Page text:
by Mary Patterson
Teachers often engage in collaborative research in order to deepen and reflect on their own practice and effectiveness in the classroom. Some may be early career teachers looking to further develop their teaching repertoire of skills and some may be mid-career or later teachers who seek motivation and stimulation of intellectual curiosity.
New technologies are helping us understand more about what learning looks like, and as teachers in today’s changing world, we need the work of researchers in order to reach all students.
Research collaborations may take different forms. Some may be as simple as completing researcher surveys, interviews or allowing a researcher access to observe a class. Other collaborations may be researcher or teacher driven partnerships.
At the Cyberlearning 2015: Connect, Collaborate, and Create the Future meeting held in Arlington, VA, teachers and researchers met to exchange ideas about successful collaborations. Researchers expressed that challenges they face include finding teachers willing to partner with them, gaining access to classrooms, and privacy issues with student data.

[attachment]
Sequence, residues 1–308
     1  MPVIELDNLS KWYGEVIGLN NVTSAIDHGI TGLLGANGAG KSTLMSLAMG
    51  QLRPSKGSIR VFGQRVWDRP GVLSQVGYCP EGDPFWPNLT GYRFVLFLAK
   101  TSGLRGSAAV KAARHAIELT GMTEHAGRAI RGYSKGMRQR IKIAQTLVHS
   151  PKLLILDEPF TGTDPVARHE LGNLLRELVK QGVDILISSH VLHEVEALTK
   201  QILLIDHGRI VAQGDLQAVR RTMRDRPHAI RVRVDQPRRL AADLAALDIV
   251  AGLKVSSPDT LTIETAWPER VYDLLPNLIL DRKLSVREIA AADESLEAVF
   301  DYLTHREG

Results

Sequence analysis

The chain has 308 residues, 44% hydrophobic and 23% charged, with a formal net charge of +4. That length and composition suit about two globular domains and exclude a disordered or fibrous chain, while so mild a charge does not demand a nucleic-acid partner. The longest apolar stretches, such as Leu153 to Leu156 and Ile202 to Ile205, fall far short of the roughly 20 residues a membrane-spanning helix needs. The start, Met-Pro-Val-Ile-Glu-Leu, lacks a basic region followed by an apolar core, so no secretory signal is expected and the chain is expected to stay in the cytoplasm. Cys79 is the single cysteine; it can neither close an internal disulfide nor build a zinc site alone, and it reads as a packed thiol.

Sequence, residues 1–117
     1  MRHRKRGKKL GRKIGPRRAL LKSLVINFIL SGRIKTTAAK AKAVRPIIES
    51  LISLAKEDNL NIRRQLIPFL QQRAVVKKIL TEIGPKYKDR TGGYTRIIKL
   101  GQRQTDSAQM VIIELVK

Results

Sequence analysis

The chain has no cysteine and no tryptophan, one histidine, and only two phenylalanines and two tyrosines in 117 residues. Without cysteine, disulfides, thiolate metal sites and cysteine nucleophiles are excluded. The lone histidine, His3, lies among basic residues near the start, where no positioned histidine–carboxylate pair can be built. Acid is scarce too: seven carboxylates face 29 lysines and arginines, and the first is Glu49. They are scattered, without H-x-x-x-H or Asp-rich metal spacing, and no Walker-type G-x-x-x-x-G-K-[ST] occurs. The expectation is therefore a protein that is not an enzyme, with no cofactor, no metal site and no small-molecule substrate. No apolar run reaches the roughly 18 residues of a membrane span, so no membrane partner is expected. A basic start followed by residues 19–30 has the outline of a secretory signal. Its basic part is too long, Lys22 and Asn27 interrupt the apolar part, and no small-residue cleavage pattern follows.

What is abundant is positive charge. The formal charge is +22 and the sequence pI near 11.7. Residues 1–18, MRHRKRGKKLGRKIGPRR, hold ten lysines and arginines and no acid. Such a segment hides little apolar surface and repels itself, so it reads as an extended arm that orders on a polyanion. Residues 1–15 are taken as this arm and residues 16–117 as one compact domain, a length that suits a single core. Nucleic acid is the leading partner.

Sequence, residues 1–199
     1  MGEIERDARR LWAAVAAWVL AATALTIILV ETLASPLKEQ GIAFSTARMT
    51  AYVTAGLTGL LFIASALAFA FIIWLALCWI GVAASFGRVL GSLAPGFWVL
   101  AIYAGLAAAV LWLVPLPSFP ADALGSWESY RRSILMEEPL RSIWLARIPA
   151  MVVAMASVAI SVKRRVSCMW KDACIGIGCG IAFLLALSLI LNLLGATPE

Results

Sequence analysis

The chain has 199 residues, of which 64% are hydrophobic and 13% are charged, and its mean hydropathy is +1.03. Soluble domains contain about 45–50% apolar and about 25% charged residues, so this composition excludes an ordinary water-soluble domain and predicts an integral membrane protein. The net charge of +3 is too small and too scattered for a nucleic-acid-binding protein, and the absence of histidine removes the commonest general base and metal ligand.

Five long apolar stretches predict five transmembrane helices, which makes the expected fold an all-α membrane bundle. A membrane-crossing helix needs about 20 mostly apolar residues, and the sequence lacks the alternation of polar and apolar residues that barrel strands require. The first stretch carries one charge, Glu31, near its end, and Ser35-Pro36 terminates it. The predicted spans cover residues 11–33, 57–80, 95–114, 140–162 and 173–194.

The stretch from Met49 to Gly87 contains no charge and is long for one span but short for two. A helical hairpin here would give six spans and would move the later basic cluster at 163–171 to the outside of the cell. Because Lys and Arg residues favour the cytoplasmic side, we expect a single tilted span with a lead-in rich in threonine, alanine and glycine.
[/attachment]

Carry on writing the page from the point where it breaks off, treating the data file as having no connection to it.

Teachers shared the following tips with the researchers:
Quote from teacher-collaborator, Beth Sanzenbacher
As defined by Penuel et al. (2007) benefits of the Co-Design process include:
Nesbitt & Thomas (1998) argue for a paradigm shift that seeks collaboration on common ground, negotiated by all practitioners:
A Point to Ponder:
“Authentic collaboration can occur only when the mutual respect and trust—between those from the dominant paradigm and those who have had to work from the margins—is sufficient to produce interaction that is naturally egalitarian, rather than mediated by vigilant awareness of status difference. (p. 32)”
Teachers and researchers looking to establish partnerships
can contact CIRCL at: www.circlcenter.org
Tell us your Stories!
Are you a teacher who’s collaborated with a researcher? What tips would you add?
Please send in your comments.